Home > data science, open source tools > Pruning doesn’t do much

Pruning doesn’t do much

September 12, 2012

We spent most of Saturday at the DataKind NYC Parks Datadive transforming data into useful form and designing a model to measure the effect of pruning. In particular, does pruning a block now prevent fallen trees or limbs later?

So, for example, we had a census of trees and we had information on which blocks were pruned. The location of a tree was given as (x, y)- coordinates and the pruning was given as two such coordinates, one for each end of the block.

The bad events are also given with reference to a point (x, y), but that doesn’t mean it was specific to a tree. In particular, this meant it would be difficult to build a tree-specific model, since we’d know a tree exists and when it was pruned, but it would be difficult to know when it died or had fallen limbs.

So we decided on a block-specific model, and we needed to match a tree to a block and a fallen tree work order to a block. We used vectors and dot-products to do this, by finding the block (given by a line segment) which is closest to the tree or work order location.

Moreover, we only know which year a block is pruned, not the actual date. That led us to model by year alone.

Therefore, the data points going into the model depend on block and on year. We had about 13,000 blocks and about 3 years of data for the work orders. (We could possibly have found more years of work order data but from a different database with different formatting problems which we didn’t have time to sort through.)

We expect the impact of pruning to die down over time. Therefore the signal we chose to measure is the reciprocal of the number of years since the last pruning, or some power of it. The impact we are trying to measure is a weighted sum of work orders, weighted by average price over the different categories of work orders (certain events are more expensive to clean up than others, like if a tree falls into a building versus one limb falls into the street).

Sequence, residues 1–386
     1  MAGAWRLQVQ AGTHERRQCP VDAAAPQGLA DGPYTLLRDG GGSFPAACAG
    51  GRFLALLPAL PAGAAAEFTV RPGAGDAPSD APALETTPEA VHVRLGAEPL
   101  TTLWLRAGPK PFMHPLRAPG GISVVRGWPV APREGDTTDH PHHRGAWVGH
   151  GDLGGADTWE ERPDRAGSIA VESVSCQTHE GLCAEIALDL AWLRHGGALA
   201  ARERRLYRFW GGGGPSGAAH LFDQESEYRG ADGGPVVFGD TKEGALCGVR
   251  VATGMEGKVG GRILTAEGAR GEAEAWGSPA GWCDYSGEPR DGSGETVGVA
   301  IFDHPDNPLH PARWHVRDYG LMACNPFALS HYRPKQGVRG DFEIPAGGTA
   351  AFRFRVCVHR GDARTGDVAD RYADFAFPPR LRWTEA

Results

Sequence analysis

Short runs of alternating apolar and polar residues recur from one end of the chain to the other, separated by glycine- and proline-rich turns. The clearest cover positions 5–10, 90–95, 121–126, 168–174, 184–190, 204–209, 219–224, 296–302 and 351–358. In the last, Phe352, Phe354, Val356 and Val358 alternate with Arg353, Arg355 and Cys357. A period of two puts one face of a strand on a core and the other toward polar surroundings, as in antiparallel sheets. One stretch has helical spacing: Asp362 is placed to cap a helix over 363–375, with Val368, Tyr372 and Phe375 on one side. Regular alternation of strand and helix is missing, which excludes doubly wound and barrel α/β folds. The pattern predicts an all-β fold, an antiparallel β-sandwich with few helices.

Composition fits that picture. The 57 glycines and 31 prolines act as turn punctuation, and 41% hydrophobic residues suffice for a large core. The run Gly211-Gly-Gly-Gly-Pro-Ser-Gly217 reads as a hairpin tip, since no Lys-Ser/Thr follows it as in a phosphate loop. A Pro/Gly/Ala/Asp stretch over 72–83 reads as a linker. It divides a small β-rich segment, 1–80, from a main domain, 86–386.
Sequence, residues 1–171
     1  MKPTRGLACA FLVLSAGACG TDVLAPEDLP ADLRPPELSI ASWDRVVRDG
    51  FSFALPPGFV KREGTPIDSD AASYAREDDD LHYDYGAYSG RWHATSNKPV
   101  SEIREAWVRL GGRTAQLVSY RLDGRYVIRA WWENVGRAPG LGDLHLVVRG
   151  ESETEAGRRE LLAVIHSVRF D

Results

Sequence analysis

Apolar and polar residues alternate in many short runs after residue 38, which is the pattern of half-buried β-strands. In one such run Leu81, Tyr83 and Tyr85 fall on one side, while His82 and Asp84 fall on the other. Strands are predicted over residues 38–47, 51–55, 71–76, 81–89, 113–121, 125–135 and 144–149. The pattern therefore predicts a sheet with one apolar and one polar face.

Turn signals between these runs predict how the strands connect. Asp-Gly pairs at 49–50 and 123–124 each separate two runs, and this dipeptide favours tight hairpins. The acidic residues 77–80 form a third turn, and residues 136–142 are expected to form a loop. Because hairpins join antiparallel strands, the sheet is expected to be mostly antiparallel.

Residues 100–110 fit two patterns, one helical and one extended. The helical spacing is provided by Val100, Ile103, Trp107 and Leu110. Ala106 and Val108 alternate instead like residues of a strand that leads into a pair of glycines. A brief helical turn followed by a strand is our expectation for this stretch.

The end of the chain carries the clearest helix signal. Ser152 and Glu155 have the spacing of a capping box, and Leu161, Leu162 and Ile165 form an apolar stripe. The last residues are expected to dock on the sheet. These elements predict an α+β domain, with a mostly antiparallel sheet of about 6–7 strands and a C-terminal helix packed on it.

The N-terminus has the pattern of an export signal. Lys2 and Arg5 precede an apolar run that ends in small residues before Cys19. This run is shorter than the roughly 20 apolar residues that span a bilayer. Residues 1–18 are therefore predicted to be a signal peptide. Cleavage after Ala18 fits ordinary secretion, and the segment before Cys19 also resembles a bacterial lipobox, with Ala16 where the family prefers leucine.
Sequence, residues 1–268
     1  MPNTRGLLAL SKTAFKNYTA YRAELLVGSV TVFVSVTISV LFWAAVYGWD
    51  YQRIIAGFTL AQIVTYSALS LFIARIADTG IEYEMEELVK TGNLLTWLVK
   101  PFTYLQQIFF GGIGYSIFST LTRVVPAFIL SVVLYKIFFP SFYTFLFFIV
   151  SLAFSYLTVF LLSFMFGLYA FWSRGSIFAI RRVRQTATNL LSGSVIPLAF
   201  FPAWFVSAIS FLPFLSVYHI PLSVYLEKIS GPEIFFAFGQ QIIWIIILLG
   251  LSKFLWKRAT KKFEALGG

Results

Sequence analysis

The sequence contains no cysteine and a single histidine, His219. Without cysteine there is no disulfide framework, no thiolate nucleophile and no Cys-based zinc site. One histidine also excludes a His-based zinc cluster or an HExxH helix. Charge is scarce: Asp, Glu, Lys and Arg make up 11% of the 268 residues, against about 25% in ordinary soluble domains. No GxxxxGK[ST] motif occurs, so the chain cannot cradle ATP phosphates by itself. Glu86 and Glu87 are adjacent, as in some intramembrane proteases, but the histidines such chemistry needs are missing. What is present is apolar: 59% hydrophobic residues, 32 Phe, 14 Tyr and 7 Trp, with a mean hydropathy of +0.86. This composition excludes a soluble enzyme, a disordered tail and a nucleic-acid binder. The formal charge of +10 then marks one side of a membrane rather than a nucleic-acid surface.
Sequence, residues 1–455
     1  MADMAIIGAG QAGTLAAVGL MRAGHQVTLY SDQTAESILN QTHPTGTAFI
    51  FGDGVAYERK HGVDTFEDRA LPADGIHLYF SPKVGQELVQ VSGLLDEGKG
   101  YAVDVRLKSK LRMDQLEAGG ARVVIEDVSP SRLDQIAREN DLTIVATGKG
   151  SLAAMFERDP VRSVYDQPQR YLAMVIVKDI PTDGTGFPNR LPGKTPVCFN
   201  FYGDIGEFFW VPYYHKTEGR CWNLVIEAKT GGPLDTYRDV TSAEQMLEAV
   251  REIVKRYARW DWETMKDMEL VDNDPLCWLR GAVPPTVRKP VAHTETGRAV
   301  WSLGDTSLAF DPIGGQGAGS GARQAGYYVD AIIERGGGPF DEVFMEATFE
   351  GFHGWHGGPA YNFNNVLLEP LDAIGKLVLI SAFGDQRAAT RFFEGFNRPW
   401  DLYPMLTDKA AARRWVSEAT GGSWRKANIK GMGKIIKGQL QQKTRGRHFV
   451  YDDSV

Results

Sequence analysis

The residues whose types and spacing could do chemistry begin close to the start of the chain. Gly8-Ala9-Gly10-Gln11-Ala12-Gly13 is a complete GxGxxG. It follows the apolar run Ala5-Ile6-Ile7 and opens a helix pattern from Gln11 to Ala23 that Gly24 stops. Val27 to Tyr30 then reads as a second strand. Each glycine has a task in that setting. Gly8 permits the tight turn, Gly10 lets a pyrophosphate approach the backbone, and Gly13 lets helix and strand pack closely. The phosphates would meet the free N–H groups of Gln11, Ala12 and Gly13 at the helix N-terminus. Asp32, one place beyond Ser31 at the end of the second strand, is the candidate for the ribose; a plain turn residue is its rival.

There’s one last element, namely the number of trees; we don’t want to penalize a block for having lots of work orders just because it has lots of trees (and irrespective of pruning). Therefore our “y” is actually the (weighted) work orders per tree. If we had more time we’d also put more weight on larger trees than on smaller trees, since a basic count doesn’t really do justice to this measurement.

Altogether our model is given as:

y = \alpha x + \epsilon,

where x is the kth power of 1/(# years since pruning) and y is (# work orders next year)/(# trees). It’s hard to format in WordPress.

We ran the regression where we let k=1, so just a univariate regression, and we also let k vary and took the logs of both sides to get a simple bivariate regression.

In both cases we got very very small signal, with correlations less than 1% if I remember correctly.

To be clear, the signal itself depends on knowing the last year a block was pruned, and for about half our data we didn’t have a year at all for that- when this happened we assumed it had never been pruned, and we substituted the value of 50 for # of years since pruning. Since the impact of pruning is assumed to die off, this is about the same thing as saying it had never been pruned.

The analysis is all modulo the data being correct, and our having wrangled and understood the data correctly, and possibly stupid mistakes on top of that, of course.

Moreover we made a couple of assumptions that could be wrong, namely that the pruning had taken place randomly – maybe they chose to prune blocks that had lots of sad-looking broken down trees, which would explain why lots of fallen tree events happened afterwards in spite of pruning. We also assumed that the work orders occurred whenever a problem with a tree happened, but it’s possible that certain blocks contain people who are more aggressive about getting problems fixed on their block. It’s even possible that, having seen pruners on your block sensitizes you to your trees’ health as well as the fact that there even is a city agency who is in charge of trees, which causes you to be more likely to call in a fallen limb.

Ignoring all of this, which is a lot to ignore, it looks like pruning may be a waste of money.